Mitch Negus was a notoriously slow athlete as a child. His baseball coaches would take him off-base because he was so slow.
But Sunday, Negus, 23, earned seventh place in the annual Berkeley Half Marathon with a time of 1:15:34.
Negus started his running career eight years ago in high school, he said. He saw running as an opportunity to prove everyone who ever thought he was a slow athlete wrong.
“I discovered that I really like being competitive,” Negus said.
He ran cross country and track for the University of Massachusetts, Amherst. Now, he is a nuclear engineering doctoral student at UC Berkeley.
Last year, Negus participated in the Berkeley Half Marathon and had an “absolute blast,” he said. For this year’s race, he trained much harder.
In preparation for this half marathon, Negus trained by himself and with the Strawberry Canyon Track Club for six months. Negus runs 9-10 miles six days a week, and he trains with his track club twice a week for more intense, short interval workouts.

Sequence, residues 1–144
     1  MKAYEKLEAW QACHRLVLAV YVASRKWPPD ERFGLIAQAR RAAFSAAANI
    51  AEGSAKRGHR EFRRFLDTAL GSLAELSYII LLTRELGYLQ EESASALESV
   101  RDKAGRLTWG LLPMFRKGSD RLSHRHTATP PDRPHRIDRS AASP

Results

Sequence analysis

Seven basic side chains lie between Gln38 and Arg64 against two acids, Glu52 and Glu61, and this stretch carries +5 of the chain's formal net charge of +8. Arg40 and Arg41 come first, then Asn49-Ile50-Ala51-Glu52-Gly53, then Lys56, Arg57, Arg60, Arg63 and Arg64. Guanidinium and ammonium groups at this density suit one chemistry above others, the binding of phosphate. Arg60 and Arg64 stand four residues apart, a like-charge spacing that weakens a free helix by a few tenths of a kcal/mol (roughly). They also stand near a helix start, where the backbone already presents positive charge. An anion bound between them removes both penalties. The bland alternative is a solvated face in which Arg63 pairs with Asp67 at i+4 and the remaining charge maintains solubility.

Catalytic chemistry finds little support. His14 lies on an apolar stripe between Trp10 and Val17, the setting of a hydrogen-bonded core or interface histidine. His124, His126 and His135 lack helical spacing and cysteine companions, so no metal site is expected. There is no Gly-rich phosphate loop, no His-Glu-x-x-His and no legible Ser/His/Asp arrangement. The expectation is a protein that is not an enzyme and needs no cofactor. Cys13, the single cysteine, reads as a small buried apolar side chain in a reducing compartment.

As a graduate student, Negus said it is hard to find time to have a regular training regimen, so he runs whenever he has time.
While Negus earned seventh place in the male category, the half marathon winner was Ty Mogan, a junior track and field athlete at Montana State University.
Mogan finished in 1:07:29 to earn first place in the male race. In high school, Mogan was the 2013 state champion in the 3,200 meter and 1,600 meter events.
Madeline Duhon, the female winner who ran with a time of 1:18:53, is a Texas native who ran cross country and track at Stanford University. After Stanford, she participated in research at the Massachusetts Institute of Technology, and she currently attends UC Berkeley as an economics doctoral student.
Cindy Myers, spokesperson for the event, said the entire Berkeley community has “embraced” the race. According to Myers, about 9,000 participants ran in this year’s event, which also includes a 10-kilometer race, a 5-kilometer race and a youth 5-kilometer race.
According to Myers, one of the intentions of the half marathon is to raise funds for local Berkeley public schools. This year, runners helped raise $25,000, Myers said.
“They raised money to allow teachers to create special programs in their classroom,” Myers said.
According to Myers, the 2017 half marathon was a success, and she said she believes there is an opportunity to expand the event even more and capitalize on the race’s emphasis on physical fitness and the area’s nice weather.
“It’s hard work, but it really pays off,” Negus said.